ESPN not playing with ‘Hollywood’

Poor ratings caused cabler to nix skein

NEW YORK — It turns out ESPN2 wasn’t ready for its close-up: The network has canceled “ESPN Hollywood,” its attempt to promote celebrity athletes the way “Entertainment Tonight” ballyhoos showbiz celebs.

Six months ago, ESPN2 was touting the half-hour “Hollywood,” which premiered Aug. 15, as a potential signature show on the network similar to “SportsCenter” on its older sibling. The budget was a robust $15 million for the first year.

Poor Nielsen ratings caused ESPN2 to bring down the curtain on “Hollywood,” which will present its swan song Jan. 26. The co-hosts were Thea Andrews and Mario Lopez.

Praising the ability of the series to “capture the cross-currents of sports and entertainment,” John Skipper, executive VP of content for ESPN, said, “Our research and the ratings clearly suggest that a daily show may have been too much.”

Replacing “Hollywood” in its 6 o’clock slot on weeknights, beginning Jan. 30, is a “Best of Mike & Mike” half-hour, an edited version of the four-hour live morning show starring Mike Golic and Mike Greenberg, which began at 6 a.m. on ESPN2 two weeks ago. Also on Jan. 30, “Quite Frankly With Stephen A. Smith” will move from its 6:30 p.m. timeslot to a latenight time period at 11.

Dave Berson, senior VP of programming and promotions for ESPN, said the ratings of ESPN2 have grown since the four-hour “Mike & Mike in the Morning” kicked off after moving to the network from ESPN News. “Cold Pizza,” ESPN2’s two-hour daily sports equivalent of “The Today Show” or “Good Morning, America,” also has gotten a boost in the ratings since it moved from 8 to 10 a.m., pushed out by “Mike & Mike.”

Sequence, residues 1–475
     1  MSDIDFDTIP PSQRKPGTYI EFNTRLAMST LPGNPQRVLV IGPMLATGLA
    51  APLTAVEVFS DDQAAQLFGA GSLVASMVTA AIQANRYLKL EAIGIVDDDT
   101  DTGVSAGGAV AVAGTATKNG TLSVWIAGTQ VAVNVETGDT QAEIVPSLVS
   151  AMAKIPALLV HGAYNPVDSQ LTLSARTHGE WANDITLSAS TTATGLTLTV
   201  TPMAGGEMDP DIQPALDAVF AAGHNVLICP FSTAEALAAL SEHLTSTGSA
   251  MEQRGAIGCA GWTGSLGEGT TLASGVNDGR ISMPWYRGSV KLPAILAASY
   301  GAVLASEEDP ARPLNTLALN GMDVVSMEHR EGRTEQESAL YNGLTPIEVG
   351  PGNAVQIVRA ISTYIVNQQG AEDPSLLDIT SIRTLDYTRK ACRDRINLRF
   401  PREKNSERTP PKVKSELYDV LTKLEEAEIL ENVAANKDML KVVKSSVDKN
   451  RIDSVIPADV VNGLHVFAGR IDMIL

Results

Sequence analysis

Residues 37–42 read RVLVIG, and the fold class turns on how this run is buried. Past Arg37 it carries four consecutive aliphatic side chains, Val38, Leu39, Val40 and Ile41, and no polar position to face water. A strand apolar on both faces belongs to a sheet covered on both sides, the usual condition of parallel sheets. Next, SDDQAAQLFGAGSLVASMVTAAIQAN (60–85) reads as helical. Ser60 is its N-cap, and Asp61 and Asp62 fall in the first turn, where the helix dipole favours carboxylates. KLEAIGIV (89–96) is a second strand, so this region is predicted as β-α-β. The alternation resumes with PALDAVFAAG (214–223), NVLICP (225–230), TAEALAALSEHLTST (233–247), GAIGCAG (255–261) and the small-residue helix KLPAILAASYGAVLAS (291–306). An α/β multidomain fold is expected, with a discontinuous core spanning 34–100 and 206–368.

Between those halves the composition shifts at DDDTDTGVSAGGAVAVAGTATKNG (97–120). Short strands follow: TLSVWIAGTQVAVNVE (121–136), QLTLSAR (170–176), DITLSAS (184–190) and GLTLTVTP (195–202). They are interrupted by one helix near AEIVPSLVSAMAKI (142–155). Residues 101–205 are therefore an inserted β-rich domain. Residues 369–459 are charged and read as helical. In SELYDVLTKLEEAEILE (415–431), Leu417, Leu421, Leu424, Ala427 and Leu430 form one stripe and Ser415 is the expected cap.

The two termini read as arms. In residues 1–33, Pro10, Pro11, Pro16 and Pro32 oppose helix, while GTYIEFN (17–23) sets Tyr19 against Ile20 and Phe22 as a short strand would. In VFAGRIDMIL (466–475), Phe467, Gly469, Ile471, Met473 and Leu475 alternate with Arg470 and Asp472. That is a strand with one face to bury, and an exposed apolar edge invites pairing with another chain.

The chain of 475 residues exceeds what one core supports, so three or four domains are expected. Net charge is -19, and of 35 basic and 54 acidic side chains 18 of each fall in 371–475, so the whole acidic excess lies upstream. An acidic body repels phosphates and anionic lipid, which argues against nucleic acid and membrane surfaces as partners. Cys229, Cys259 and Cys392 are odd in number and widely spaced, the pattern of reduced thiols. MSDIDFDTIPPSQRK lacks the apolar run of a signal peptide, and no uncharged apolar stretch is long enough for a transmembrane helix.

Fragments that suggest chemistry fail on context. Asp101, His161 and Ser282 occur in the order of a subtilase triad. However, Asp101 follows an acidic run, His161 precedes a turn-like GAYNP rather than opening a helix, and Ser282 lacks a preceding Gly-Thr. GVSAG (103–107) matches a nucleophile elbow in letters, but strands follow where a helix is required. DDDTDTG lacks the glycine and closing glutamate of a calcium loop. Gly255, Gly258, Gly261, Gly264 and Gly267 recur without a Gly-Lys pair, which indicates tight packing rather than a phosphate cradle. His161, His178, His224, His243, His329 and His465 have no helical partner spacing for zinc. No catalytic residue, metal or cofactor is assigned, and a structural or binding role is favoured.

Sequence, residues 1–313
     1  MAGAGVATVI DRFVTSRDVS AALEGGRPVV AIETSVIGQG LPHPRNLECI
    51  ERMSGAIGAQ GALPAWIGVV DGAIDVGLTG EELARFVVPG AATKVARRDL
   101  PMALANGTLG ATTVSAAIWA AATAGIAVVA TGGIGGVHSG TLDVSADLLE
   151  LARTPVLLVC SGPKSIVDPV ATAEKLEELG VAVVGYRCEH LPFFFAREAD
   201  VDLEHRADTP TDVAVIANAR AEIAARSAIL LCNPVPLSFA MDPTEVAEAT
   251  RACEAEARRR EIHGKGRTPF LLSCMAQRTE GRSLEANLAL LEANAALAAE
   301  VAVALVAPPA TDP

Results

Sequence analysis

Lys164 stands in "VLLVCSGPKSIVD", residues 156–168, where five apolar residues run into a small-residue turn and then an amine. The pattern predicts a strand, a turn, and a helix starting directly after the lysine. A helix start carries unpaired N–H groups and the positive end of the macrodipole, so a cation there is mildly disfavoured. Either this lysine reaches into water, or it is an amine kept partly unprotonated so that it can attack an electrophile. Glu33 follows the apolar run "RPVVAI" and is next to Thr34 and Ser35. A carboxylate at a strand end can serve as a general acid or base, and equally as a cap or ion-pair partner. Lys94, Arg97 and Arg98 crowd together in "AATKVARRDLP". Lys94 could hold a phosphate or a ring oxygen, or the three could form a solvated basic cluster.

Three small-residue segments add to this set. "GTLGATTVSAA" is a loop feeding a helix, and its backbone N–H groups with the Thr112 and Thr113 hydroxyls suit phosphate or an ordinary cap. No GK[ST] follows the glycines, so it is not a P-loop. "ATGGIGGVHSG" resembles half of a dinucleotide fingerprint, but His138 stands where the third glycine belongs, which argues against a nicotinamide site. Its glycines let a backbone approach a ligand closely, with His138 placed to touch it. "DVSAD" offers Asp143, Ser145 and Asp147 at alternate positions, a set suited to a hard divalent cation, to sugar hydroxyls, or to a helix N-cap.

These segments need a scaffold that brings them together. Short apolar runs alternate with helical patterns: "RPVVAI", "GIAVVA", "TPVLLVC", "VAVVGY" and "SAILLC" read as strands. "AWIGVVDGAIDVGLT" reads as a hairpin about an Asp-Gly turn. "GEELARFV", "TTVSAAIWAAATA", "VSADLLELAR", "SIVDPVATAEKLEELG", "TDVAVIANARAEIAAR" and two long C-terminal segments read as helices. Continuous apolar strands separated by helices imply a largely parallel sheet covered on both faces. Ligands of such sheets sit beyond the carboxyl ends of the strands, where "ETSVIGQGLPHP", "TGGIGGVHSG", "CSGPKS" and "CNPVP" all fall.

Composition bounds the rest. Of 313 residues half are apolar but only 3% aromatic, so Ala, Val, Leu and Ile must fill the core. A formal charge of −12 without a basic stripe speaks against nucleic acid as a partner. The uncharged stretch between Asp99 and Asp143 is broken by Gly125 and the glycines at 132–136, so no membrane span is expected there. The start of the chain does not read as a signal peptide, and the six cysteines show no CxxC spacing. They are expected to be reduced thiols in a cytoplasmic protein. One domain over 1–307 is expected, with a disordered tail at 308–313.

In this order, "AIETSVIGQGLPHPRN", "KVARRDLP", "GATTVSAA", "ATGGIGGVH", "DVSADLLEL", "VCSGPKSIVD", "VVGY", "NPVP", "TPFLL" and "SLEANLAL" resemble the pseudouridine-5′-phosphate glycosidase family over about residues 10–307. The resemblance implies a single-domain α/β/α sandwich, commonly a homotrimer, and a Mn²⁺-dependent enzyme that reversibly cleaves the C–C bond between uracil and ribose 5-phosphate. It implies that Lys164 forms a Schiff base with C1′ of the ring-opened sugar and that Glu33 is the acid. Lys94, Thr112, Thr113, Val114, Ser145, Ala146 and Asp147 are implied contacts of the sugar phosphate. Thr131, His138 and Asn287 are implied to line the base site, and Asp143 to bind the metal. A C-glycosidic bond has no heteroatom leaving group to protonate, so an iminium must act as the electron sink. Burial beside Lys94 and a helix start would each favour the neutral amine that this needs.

Berson said ESPN2 will try to absorb some of the staff of “Hollywood” into such shows as “Cold Pizza” or ESPN’s “SportsCenter,” which on some days can run for as many as 12 hours.

Want to read more articles like this one? SUBSCRIBE TO VARIETY TODAY.
Post A Comment 0

Leave a Reply

No Comments

Comments are moderated. They may be edited for clarity and reprinting in whole or in part in Variety publications.

Fill in your details below or click an icon to log in:

WordPress.com Logo

You are commenting using your WordPress.com account. Log Out / Change )

Twitter picture

You are commenting using your Twitter account. Log Out / Change )

Facebook photo

You are commenting using your Facebook account. Log Out / Change )

Google+ photo

You are commenting using your Google+ account. Log Out / Change )

Connecting to %s

More Scene News from Variety

Loading